Drug companies provide so much of the funding for major patient groups that many critics say they've stifled a key voice in the policy debate over soaring drug prices, especially over those for cancer.--Jayne O'Donnell , USA TODAY
Terms like "value" and "cost" are vague and mean nothing without context. If you follow the ongoing drug pricing narrative you have heard the argument--prices are high because of downstream benefits of one therapy over another. Gilead's hepatitis drug may eliminate the need for transplantation--an obvious cost savings although how are health systems able to afford the point of sale costs.
An important resource for adverse event data--FDA Adverse Event Reporting System is publically available although there can be a high degree of complexity. Head over to data talks, people mumble for data focused blogs of interest. If you prefer step by step guidance I will include a few case studies in Blueprint: a scalable healthcare data strategy available for pre-order ($2.99) for e-book but here I will keep it a little more high level to keep more eyeballs following along.
I recently reviewed an embargoed study examining the varying costs of breast cancer treatments. Understanding how the calculations are estimated is helpful when evaluating quality of the evidence and insights provided.
CANCER News Alert
Embargo/Online Publication Date: 00:01 AM ET, Monday, October 10, 2016
[05.01 Hours UK Time (BST)/14:01 Hours Australian Eastern Standard Time (AEST), October 10]
NOTE: The information contained in this release is protected by copyright. Please include journal attribution in all coverage.
Costs of Similarly Effective Breast Cancer Treatments Vary Widely
A new study finds that the costs of breast cancer chemotherapy vary widely, even among treatment regimens with similar efficacy, and that patients bear a substantial out-of-pocket burden. Published early online in CANCER, a peer-reviewed journal of the American Cancer Society, the study is the first to examine these cost differences, providing clinicians with accessible information to answer patient questions about their treatment options.
To estimate the costs to payers and patients for breast cancer treatment regimens, Sharon Giordano, MD, MPH, of The University of Texas MD Anderson Cancer Center in Houston, and her colleagues assessed information on 14,643 women who were diagnosed with breast cancer between 2008 and 2012 and who received chemotherapy within three months of diagnosis. Total and out-of-pocket costs were calculated using all claims within 18 months of diagnosis and were normalized to 2013 dollars.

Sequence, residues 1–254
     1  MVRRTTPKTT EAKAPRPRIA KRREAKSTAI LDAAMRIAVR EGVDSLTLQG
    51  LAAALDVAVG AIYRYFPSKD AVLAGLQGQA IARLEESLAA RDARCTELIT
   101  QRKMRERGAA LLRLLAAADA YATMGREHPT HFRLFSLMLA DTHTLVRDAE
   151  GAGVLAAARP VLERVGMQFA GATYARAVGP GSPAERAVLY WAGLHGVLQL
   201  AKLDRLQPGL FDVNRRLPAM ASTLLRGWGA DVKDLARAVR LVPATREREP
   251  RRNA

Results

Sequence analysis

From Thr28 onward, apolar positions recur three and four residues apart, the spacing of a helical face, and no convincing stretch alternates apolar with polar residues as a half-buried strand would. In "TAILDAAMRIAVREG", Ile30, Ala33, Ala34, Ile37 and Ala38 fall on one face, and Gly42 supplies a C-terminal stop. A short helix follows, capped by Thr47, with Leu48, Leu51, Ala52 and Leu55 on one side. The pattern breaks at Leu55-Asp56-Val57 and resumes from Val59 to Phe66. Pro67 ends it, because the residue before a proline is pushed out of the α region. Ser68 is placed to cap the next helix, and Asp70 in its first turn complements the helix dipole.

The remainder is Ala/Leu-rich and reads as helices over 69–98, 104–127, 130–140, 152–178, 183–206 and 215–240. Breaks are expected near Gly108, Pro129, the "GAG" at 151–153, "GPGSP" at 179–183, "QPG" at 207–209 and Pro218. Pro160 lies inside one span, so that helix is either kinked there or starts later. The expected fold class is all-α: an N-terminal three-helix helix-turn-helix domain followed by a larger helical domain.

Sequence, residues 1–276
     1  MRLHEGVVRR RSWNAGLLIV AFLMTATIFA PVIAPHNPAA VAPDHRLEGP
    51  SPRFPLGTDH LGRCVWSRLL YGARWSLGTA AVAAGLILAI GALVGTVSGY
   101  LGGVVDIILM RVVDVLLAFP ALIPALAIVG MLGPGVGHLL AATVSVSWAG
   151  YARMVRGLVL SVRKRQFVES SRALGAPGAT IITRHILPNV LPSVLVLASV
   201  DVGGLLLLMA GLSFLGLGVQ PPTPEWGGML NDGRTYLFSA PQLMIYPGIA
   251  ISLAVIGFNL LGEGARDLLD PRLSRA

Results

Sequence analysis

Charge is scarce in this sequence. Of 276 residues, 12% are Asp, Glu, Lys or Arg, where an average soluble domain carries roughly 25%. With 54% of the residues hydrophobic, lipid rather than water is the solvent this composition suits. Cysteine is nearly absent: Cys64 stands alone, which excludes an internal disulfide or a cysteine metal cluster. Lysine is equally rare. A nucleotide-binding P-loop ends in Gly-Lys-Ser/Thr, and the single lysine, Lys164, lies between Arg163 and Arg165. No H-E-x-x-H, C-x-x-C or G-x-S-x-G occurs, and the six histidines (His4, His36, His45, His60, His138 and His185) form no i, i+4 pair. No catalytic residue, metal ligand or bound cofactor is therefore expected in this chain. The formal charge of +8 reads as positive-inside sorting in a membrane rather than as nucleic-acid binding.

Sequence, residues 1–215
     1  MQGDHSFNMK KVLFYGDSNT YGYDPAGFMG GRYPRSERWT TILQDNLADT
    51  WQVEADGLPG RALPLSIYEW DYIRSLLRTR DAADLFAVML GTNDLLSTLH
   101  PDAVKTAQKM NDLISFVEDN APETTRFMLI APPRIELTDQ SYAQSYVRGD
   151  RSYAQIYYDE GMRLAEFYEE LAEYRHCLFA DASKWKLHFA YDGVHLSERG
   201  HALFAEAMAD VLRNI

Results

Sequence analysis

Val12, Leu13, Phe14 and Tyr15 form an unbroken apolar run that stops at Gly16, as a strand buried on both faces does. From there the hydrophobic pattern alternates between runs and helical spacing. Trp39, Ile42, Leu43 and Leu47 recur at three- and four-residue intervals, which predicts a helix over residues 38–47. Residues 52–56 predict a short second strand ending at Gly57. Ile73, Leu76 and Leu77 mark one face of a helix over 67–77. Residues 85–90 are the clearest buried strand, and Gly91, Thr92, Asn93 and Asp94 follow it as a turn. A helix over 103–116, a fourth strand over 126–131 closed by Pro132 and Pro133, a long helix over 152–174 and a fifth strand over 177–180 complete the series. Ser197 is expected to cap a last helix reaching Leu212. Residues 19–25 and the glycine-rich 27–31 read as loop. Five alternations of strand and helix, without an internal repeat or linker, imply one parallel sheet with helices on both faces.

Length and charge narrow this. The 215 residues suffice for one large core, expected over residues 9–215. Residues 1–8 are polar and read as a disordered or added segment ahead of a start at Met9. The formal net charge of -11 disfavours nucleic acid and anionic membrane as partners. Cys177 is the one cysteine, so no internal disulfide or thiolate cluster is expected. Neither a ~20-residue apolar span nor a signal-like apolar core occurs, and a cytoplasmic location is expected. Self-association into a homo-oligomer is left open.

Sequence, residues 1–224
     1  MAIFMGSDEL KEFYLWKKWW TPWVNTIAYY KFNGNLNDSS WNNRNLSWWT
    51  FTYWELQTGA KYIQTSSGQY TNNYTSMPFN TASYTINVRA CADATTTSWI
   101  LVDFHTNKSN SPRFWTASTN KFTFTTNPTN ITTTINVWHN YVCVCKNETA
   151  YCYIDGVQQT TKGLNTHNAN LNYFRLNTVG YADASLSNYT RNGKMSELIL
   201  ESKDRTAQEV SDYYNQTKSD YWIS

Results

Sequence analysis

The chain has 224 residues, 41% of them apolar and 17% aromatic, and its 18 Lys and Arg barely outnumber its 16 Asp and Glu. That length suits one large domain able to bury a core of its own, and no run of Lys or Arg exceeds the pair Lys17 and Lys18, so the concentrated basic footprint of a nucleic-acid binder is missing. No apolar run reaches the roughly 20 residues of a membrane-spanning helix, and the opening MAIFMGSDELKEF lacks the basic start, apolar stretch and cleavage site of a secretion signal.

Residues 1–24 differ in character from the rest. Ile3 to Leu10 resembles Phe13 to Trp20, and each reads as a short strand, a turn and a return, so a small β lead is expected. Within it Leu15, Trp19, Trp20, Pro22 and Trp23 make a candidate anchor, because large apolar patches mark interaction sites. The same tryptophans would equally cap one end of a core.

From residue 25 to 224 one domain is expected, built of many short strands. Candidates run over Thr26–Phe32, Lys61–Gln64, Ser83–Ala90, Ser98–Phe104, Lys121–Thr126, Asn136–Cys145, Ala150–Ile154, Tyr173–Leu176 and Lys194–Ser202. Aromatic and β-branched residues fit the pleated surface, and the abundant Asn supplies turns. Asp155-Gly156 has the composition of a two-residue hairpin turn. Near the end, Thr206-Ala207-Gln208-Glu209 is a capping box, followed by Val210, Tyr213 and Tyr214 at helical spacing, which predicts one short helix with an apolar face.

Among the major findings:
Although representing a linear discussion of costs associated with the duration of care it is difficult to know for certain what downstream additional costs may result from different regimens.
There are a wide-variety of care costs likely to occur outside of the short window being evaluated such as breast reconstruction or ongoing care regimens.
An advantage of alternative data sources such as registries provide inclusion of cancer stage, ethnicity, or tumor characteristics.
A careful review of the literature may help identify adverse event data coded in the Medical Dictionary for Regulatory Activities [MedDRA]). Not a freely available resource but certainly affordable. It is coded in many clinical trials and eliminates the need to cross-reference data to correct spelling errors and erroneous abbreviations. I work with a historic phase III cancer registry that codes in lowest level MedDRA allowing adverse event data to be grouped into related events.
If you find it helpful to be introduced to a variety of resources available to help ongoing discussions of real world evidence I encourage you to follow along. Many topics are replies to specific questions I receive throughout the week so feel free to engage over on twitter or linkedin.
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Bonny is a data enthusiast applying curated analysis and visualization to persistent tensions between health policy, economics, and clinical research in oncology.